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#ABArare – Fieldfare – Montana

Sometimes Eurasian vagrants show up in places you expect, the corners of the continent like Alaska, British Columbia, or Newfoundland. And sometimes they absolutely do not. This is a case of the second.

On December 19, during the Missoula, Montana CBC, Jim Brown discovered a stunning Fieldfare (ABA Code 4) just west of town. Pending acceptance this is a 1st record for Montana, and one of only a very small handful of records of this Asian thrush away from places like Alaska and Maritime Canada.

FIEL MT

Photo by Alex Hughes.

According to observers today, the bird is being seen on and off on La Voie Lane, off of Mullen Rd just west of Missoula. It comes to berry trees in a yard with a yellowish trailer on the east side of La Voie, and frequently flies back into the cottonwoods along the Clark Fork on the west side of La Voie, where it is on private property and inaccessible. Regular updates from birders on the scene can be found on the Montana-Birds listserv.

Fieldfare is a nomadic Turdus thrush of northern Europe and Asia. They are regular winter visitors to Iceland, and as such the majority of records for the ABA Area come from Atlantic Canada. They can also come from the other direction, however, and there are also four accounts of Fieldfare in Alaska and one in British Columbia.

While this Montana bird is exceptional, it’s not the first time the species has turned up in the middle of the continent, A record from Minnesota in 1991 illustrates the ability of this species to wander quite widely.

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Nate Swick

Nate Swick

Editor, Social Media Manager at American Birding Association
Nate Swick is the editor of the American Birding Association Blog, social media manager for the ABA, and the host of the American Birding Podcast. He lives in Greensboro, North Carolina, with his wife, Danielle, and two young children. He is the author of Birding for the Curious and The ABA Field Guide to Birds of the Carolinas.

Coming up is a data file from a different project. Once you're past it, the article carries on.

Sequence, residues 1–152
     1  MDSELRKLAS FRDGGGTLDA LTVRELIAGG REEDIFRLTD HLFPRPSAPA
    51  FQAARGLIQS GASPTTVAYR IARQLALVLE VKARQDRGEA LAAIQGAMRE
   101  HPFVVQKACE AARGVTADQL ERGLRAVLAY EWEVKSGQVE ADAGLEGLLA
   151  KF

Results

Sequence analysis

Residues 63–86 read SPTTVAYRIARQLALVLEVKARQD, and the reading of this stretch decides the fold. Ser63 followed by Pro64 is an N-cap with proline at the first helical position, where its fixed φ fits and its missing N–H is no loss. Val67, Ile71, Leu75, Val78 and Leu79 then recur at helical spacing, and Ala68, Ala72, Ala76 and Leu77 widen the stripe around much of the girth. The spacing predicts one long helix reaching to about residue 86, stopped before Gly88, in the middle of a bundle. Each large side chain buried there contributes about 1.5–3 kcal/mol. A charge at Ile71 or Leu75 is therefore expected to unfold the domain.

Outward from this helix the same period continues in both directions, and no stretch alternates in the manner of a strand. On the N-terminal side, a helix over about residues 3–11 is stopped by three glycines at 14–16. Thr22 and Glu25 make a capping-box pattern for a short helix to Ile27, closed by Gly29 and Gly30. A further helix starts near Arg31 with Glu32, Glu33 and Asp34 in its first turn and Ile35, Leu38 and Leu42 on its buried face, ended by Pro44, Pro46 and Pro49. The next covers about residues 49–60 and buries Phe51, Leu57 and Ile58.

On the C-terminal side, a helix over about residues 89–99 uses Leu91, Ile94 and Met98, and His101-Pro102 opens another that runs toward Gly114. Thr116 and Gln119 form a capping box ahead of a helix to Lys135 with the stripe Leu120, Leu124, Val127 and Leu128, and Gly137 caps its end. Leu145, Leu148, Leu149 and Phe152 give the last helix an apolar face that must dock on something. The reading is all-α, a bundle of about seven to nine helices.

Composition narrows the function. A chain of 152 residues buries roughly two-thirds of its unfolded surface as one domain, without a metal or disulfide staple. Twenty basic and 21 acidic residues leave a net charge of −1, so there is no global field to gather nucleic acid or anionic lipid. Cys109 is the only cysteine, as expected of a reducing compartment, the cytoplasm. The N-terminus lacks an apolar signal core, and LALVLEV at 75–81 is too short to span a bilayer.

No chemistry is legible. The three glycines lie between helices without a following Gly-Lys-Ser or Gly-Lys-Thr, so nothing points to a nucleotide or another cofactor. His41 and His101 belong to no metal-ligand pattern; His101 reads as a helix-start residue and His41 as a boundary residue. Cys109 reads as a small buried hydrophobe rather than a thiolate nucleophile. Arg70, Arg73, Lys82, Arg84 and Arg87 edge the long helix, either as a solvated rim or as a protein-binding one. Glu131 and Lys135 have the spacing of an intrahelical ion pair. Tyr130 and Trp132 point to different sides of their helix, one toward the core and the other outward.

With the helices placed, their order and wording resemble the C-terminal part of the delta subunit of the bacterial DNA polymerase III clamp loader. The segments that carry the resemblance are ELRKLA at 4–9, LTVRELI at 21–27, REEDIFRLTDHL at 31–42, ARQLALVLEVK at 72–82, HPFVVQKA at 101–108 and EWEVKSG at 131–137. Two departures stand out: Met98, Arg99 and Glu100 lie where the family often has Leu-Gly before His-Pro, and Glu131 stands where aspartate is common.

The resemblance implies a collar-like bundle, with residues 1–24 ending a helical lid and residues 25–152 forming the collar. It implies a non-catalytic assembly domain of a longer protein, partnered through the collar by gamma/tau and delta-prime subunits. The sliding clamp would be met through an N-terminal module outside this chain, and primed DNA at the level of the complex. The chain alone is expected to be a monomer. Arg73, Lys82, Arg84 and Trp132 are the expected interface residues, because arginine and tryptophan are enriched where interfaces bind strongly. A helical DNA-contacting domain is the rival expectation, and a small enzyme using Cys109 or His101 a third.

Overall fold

Nate Swick

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  • Andrew Keaveney

    This comes on the footsteps of a Redwing in Capital, Vancouver Island, British Columbia.

    • Yes! Another great bird. I’m trying to get some photo permissions so I can write something up about it, too.

      • Andrew Keaveney

        Do you need photo permissions when the photos are on eBird? I’m curious about that… thought there might be some clause whereby anything submitted is fair game.

        • That’s a good question and one I don’t know the answer to. I know photos shared in eBird checklists are under a Macauley Library copyright, but I don’t know what that means in terms of using them on a non-profit’s blog or something.

          I may message the eBird guys for some clarification.

          • Jim Greaves

            I would suggest further that anyone who submits a photo place a copyright notice on it – sometimes there may be payment involved for publishing such rarities, even if only in a local newspaper. The photographers deserve credit at least – and payment if there is any. “Fair Use” for non-profit “publication” does NOT mean one should not seek permission of the owner; my understanding is “fair use for non-profit purposes” means for illustration or education. But, the photographer should be asked first, if at all possible.

          • Yes, I agree. And that’s my MO when seeking images out for these posts, which is why it occasionally takes a little time for me to get them published.

  • Pingback: Rare Bird Alert: December 25, 2015 « ABA Blog()

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